(CBS) – A new exhibit at the Field Museum chronicles one of the most important events in Chicago history: the 1893 Columbian Exposition.
For the first time the museum is digging into its century-old archive to explain to the world what the World's Fair was all about.
CBS 2's Kate Sullivan reports.
If you're looking for something to do with your kids this holiday season, head over to the Field, where they are unlocking the vault on more than 200 items preserved from the 1893 event.
"There was everything there. There was beautiful architecture, yes, but there were also products on display. It was a trade show. You name it, it was at the fair," says Mark Alvey, communications manager for the Field.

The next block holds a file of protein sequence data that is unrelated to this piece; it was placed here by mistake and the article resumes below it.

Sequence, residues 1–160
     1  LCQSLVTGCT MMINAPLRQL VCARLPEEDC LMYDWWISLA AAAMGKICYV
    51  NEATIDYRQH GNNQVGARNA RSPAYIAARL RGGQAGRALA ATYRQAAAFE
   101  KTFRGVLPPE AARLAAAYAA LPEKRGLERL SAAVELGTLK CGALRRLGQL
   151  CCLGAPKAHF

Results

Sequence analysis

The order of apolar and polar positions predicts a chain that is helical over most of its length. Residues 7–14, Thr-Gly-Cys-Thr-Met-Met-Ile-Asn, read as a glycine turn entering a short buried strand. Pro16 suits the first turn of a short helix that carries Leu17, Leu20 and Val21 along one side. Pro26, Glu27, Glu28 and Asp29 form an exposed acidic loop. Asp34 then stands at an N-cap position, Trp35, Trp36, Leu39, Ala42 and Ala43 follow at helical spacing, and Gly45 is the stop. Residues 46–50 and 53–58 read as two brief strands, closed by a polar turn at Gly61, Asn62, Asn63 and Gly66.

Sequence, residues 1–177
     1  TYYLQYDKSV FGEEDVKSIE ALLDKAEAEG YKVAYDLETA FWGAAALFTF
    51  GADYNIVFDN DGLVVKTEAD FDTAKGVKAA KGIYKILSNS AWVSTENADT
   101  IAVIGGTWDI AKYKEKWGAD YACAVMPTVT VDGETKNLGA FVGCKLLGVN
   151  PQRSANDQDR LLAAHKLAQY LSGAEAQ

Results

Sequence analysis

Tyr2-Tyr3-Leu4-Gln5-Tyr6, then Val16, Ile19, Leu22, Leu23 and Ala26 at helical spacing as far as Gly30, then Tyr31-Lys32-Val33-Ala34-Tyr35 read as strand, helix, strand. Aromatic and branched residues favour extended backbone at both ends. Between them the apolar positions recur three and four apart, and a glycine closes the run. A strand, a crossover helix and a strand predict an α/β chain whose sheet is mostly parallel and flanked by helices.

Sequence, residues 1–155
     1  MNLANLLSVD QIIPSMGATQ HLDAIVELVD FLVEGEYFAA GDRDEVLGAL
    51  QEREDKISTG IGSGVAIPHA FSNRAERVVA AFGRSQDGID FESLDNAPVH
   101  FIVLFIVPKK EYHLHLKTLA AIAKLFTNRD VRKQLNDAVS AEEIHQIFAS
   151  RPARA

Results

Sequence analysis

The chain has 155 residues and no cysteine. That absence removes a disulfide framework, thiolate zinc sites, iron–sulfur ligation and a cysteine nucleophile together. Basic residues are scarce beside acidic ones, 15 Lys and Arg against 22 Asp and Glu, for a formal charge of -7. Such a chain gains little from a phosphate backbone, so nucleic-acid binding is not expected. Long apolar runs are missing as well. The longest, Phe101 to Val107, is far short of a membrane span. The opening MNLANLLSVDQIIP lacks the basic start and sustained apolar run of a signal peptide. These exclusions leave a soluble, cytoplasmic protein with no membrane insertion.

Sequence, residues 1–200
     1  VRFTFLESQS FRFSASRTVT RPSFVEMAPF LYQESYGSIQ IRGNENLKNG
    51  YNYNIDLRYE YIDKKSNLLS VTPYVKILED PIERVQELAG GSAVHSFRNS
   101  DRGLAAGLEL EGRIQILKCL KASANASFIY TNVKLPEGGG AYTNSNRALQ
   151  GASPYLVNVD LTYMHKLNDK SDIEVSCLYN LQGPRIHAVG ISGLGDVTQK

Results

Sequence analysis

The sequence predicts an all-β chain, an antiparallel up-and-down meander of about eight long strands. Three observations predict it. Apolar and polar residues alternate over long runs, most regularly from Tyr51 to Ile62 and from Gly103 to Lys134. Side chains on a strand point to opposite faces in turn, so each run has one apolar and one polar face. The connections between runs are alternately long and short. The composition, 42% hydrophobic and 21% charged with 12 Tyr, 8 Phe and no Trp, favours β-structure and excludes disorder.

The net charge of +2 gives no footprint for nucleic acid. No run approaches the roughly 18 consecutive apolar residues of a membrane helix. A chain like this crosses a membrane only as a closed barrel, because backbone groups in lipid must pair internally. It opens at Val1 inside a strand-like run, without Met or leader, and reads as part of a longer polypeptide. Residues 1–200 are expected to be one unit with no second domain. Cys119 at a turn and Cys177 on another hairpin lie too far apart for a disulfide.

Mural-sized projections of fair photos have been animated digitally by adding people walking around to give you a real feel for what the "White City" was like. Twenty-five million Americans attended the fair, equivalent to one in three Americans.
"There were famous stories about, 'Do whatever you have to do to get to the fair -- sell the farm,'" Alvey says.
A new national holiday, Columbus Day, was born during the fair and products were introduced that included Shredded Wheat, Aunt Jemima syrup and Chicago's own Wrigley's Juicy Fruit gum.
Jenny Sturhahn attended the 2000 World's Fair in Hanover, Germany.
"It is an amazing feat to create all of these buildings with such fine detail. I just wish that many of the buildings were still here," she says.
One building still is: the Museum of Science and Industry. It was the fair's Palace of Fine Arts. The current Field Museum opened in 1922, and exhibits from the fair formed its original collection.
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